While the hub and spoke model helped the company keep its capex and opex expenditure at a minimum, thus passing on the cost benefits to its patients, Dr. Ubed indicates that what the team also did was to work backwards. For example, they identified how much a rural patient can afford and worked backwards to deliver care at that cost by managing infrastructure and resources accordingly. “One of our major expenses was human resources,” he indicates. To tackle it, the company eventually established its own skill development program, wherein it selected people from rural areas, sponsored and sent them for various technical training courses, and employed them for the long term at ERC. For example, the company had once partnered with ASHA, an organization setup by the Ministry of Health and Family Welfare for mother and childcare. While the initial goal of the partnership was to sensitize a larger population in the region about eye care, eventually, ERC sought their help to identify women who can be hired and trained to educate the rural households about the importance of eye care and about ERC.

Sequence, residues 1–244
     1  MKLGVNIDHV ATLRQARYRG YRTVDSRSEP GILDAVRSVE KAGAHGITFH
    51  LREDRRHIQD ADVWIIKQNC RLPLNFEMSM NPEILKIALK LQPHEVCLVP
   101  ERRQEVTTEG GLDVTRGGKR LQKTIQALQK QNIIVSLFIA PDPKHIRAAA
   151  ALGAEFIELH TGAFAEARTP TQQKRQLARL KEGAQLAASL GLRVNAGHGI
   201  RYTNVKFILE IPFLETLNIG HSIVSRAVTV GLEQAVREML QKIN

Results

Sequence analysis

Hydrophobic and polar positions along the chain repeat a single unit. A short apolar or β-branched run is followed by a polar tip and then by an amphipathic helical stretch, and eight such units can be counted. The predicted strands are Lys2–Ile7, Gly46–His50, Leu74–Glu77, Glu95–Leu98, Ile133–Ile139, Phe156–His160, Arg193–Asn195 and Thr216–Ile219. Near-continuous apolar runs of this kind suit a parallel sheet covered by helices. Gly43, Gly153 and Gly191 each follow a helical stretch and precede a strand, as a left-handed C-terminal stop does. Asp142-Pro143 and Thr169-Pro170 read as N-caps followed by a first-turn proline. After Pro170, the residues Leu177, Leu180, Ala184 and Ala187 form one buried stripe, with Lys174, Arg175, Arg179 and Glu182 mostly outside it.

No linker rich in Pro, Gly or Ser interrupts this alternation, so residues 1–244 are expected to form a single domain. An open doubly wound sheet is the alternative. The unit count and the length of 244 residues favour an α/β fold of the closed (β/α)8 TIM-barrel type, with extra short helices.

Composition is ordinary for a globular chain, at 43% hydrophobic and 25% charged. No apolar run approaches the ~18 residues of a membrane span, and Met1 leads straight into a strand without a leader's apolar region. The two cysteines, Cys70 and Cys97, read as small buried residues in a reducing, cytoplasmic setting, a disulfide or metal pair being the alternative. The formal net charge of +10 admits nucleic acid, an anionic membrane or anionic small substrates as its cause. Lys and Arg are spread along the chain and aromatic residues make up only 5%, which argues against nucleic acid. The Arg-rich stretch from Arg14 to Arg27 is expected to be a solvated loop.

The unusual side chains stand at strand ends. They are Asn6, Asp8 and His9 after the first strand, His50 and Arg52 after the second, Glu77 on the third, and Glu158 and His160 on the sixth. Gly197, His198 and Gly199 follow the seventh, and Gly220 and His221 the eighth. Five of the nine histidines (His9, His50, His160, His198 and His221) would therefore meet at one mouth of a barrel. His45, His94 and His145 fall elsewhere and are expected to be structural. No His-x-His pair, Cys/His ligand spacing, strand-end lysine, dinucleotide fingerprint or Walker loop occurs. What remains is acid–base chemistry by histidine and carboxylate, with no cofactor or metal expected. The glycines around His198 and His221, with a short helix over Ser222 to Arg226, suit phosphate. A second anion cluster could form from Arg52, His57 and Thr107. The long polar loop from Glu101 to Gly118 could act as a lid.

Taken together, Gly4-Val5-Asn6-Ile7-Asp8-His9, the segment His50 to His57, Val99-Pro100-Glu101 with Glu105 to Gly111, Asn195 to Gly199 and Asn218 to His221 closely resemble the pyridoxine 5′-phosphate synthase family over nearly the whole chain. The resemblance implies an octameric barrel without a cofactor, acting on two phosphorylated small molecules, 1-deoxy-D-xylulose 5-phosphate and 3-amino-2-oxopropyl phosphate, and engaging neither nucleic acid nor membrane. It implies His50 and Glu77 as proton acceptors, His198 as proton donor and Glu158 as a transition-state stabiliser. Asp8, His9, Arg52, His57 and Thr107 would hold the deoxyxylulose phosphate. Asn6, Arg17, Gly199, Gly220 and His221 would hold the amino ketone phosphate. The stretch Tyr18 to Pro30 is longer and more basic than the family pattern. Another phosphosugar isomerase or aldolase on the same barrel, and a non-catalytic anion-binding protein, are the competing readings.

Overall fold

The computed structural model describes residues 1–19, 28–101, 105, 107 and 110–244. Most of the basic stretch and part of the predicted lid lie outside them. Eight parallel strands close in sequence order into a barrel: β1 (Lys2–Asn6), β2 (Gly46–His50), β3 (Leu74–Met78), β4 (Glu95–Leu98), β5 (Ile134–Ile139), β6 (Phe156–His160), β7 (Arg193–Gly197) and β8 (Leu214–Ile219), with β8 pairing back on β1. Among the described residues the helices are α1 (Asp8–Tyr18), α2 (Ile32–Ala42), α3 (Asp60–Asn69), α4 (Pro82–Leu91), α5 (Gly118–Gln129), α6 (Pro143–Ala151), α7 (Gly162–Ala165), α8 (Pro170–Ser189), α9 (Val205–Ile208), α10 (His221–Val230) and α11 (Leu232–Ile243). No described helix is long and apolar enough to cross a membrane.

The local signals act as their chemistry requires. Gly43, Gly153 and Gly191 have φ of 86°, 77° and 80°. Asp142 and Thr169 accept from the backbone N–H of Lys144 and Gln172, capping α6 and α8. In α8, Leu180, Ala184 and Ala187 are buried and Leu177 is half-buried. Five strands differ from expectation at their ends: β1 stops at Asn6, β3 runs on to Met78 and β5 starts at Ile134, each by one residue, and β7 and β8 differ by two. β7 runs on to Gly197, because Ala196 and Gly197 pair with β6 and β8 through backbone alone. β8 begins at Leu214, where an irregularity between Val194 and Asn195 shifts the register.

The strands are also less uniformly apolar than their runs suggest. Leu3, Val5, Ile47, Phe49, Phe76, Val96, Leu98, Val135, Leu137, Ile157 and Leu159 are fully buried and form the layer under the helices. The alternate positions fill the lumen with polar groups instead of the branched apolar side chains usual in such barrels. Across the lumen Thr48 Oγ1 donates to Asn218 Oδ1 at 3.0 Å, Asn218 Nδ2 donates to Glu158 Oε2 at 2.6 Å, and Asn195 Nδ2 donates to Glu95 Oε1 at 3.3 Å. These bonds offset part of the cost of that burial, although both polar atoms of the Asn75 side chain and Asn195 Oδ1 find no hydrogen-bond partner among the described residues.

Today, ERC works with 100 employees and has treated 1.67 lakh patients in the North Eastern region. The company has, so far, raised two rounds of funding; an angel round (undisclosed amount) from Ennovent Capital and impact investor, Ankur Capital, and a recent (January 2018) round of funding from existing investor, Ennovent Capital.
A Unique Marketing Strategy